HOBOKEN, NJ – Following months of anticipation, the Administration of Mayor Ravi Bhalla has outlined its tentative budget for Fiscal Year 2020. Factors weighing heavily in the budget decision process include a pre-existing budget shortfall, a reduction in surplus regeneration, and the unprecedented loss of revenue due to COVID-19—the combination of which represents an estimated $19.8 million impact.
In an effort to bridge those gaps, the Administration’s budget proposes an overall 1.4% tax increase to property owners.
“Like the rest of the country, Hoboken’s economy and finances have not been immune from the coronavirus pandemic. In the face of unprecedented budget challenges compounded by COVID-19 and continuing uncertainty about the virus and the economy, we are putting forward a responsible, balanced budget that provides the services our community expects and continues to invest in our future,” Bhalla said.
Prior to the COVID crisis, the City of Hoboken was facing an estimated $7.4 million budget shortfall, compounded by a $6.4 million reduction in its surplus. In April, over two-dozen Hoboken municipal employees were either laid off or were offered early retirements in an effort to mitigate those shortfalls. As the pandemic has taken hold, the resulting economic fallout is estimated to add another $5.9 million in both added costs and lost revenue.
“Through a combination of difficult cuts and new revenue sources, we have chipped away at a nearly $20 million budget shortfall and are introducing a budget that would result in an overall property tax increase of just over 1 percent," Bhalla added.
Combined with new revenues, those cost-cutting measures have reportedly bridged the budget gap by approximately $10.9 million, according to the Administration. Their budget proposes using $3.3 million of the city’s non-regenerating budget surplus, leaving a $5.5 million gap, which would be closed by a 9.8% increase in the municipal purposes tax.
Municipal taxes make up roughly 1/3 of the overall tax bill for Hoboken property owners. With Hoboken’s share of County taxes decreasing by 6% this year, the Administration’s proposed budget would in turn translate to an increase of 1.4%. For the average property in Hoboken—assessed at $522,000—that corresponds to an annual increase of $115, or $9.50 per month.
The proposed budget will see the continuation of a number of infrastructure and quality of life initiatives. Hoboken plans to move forward with repaving over 40 blocks of streets, while restriping crosswalks and increasing bike facilities citywide. Construction will also continue on the 5-acre Northwest Resiliency Park. The replacement of over 7,000 feet of antiquated water mains will continue to move forward, in an effort to reduce water main breaks. Improvements to the Maxwell Park dog runs will go ahead, as will upgrades to the Elysian Park playground safety surface, the spray area at Stevens Park, and the South Waterfront Walkway—the latter seeing new pavers, 41 new trees, 200 native plants, and new LED lighting. Many of these projects are backed in part by grants and other funding initiatives.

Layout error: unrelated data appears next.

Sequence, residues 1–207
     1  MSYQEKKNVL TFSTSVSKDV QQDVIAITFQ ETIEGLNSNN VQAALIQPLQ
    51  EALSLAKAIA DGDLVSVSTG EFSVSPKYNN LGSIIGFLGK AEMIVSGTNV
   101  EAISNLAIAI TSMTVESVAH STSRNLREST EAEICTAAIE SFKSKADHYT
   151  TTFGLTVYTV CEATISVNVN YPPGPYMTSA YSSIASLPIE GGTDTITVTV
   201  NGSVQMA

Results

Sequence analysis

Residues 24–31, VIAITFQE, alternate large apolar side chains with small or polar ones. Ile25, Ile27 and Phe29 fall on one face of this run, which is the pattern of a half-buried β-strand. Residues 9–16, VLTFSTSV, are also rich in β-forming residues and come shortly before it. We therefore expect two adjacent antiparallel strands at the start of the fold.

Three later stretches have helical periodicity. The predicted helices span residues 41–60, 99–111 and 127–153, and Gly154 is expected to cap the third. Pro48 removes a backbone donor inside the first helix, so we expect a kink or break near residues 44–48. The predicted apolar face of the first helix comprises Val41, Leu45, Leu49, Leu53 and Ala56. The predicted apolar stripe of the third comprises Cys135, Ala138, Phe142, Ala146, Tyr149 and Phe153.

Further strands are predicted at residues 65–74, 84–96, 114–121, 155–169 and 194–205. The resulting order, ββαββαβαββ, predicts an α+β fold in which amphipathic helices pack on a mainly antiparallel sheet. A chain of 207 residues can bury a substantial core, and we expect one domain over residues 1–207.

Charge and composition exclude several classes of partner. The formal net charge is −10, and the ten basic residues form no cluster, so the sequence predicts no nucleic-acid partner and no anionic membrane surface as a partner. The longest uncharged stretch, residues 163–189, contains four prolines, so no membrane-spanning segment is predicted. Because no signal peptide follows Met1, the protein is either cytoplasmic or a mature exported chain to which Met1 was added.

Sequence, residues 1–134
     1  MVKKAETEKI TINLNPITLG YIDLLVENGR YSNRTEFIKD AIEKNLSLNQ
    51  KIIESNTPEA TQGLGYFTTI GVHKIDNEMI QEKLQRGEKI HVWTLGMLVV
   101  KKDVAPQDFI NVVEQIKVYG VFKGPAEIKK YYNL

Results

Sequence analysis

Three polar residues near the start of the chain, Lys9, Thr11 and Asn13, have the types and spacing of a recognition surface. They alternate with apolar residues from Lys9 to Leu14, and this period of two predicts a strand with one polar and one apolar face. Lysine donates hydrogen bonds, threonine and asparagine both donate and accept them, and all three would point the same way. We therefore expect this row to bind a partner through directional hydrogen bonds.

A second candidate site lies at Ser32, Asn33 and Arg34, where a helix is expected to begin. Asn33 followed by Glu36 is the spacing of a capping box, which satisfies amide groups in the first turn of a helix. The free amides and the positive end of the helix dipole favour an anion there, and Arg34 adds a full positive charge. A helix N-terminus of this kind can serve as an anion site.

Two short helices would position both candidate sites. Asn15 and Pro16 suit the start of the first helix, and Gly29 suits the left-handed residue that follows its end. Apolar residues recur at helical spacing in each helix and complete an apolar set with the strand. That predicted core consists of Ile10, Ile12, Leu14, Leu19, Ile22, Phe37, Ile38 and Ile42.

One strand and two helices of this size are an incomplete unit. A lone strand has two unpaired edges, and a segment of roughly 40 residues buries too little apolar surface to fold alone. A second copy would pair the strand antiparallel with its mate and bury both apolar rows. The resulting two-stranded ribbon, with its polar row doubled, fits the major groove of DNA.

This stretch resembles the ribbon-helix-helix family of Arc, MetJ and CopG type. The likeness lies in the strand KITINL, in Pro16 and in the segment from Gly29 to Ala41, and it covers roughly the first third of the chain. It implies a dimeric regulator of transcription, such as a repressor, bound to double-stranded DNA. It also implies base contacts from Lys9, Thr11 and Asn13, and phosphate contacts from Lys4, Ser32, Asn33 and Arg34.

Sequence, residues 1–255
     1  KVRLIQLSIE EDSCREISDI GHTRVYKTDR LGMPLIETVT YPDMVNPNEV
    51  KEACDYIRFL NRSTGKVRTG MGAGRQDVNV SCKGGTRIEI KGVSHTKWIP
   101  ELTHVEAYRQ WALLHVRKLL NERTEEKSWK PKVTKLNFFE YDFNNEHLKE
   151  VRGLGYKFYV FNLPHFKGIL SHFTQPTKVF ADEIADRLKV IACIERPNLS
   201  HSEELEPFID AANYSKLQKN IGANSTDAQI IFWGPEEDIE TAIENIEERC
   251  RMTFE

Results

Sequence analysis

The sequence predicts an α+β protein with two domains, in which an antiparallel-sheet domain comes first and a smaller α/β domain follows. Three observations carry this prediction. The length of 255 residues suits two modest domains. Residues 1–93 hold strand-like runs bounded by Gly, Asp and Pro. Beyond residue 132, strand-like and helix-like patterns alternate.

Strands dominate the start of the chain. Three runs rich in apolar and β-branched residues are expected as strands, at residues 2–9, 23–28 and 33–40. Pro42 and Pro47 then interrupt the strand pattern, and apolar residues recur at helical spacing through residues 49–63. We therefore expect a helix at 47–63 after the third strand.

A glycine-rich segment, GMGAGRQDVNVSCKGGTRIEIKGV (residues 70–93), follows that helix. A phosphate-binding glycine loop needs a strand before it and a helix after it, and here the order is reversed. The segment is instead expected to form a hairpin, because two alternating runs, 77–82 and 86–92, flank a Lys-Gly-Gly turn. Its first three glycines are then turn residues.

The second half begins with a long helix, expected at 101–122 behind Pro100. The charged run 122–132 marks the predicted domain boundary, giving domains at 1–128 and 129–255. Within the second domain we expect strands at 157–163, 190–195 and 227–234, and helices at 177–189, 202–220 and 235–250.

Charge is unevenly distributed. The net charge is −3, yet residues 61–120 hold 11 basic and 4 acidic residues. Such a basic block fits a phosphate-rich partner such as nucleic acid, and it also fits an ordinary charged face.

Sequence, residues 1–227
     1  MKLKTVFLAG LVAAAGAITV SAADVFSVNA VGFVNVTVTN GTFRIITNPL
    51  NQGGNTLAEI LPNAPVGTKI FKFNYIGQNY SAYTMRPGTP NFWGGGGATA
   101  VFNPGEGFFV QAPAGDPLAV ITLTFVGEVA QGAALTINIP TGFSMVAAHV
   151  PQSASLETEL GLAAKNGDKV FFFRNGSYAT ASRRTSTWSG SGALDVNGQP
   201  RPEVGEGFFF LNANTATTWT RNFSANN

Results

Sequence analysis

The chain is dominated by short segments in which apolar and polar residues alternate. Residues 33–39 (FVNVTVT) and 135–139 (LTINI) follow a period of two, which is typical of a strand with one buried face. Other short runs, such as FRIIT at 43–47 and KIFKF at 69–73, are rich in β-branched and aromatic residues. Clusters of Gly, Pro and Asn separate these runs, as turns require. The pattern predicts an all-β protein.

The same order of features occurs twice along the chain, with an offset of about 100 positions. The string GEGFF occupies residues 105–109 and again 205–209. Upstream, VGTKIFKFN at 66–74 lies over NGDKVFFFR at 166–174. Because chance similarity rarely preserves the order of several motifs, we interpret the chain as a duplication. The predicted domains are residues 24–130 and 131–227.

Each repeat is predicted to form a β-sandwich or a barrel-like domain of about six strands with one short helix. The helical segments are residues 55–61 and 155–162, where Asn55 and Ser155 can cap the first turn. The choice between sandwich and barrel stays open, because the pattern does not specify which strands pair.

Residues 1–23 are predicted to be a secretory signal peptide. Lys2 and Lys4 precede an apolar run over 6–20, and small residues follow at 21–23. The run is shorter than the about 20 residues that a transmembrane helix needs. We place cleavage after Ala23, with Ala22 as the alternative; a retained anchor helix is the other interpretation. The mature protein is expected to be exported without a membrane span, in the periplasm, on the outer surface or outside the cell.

The City also singles out its commitment to work with NJ TRANSIT on crowding issues with the 126 Clinton St and Willow Ave routes, through articulated buses and additional bus stops. Furthermore, the City vows to continue supporting local businesses by creating 12 streateries, 21 parklets, and over 150 expanded sidewalk cafés.
“I look forward to working collaboratively with the City Council in the weeks ahead as they consider and ultimately adopt a budget,” said Mayor Bhalla.
Meanwhile, the City will need to take steps to implement COVID-19 safety protocols on a number of facilities, which in turn will see temporary setbacks for other improvements around town.
Hoboken Director of Operations Jason Freeman told TAPinto Hoboken, “The proposed budget is a reflection of shared priorities. We focused on items that we knew were important to residents and members of the council, and tried to make decisions that made the most sense for all involved.” He added, “We’re hopeful the Council will help us move forward together.”
On the issue of further layoffs, Freeman said, “The proposed budget reflects current staffing levels. That’s what we hope to maintain. We’ve already hired back one of the 11 employees laid off, and we look to hire others back throughout the year.”
Hoboken’s next scheduled City Council Meeting is Wednesday, July 8 at 7:00 p.m.
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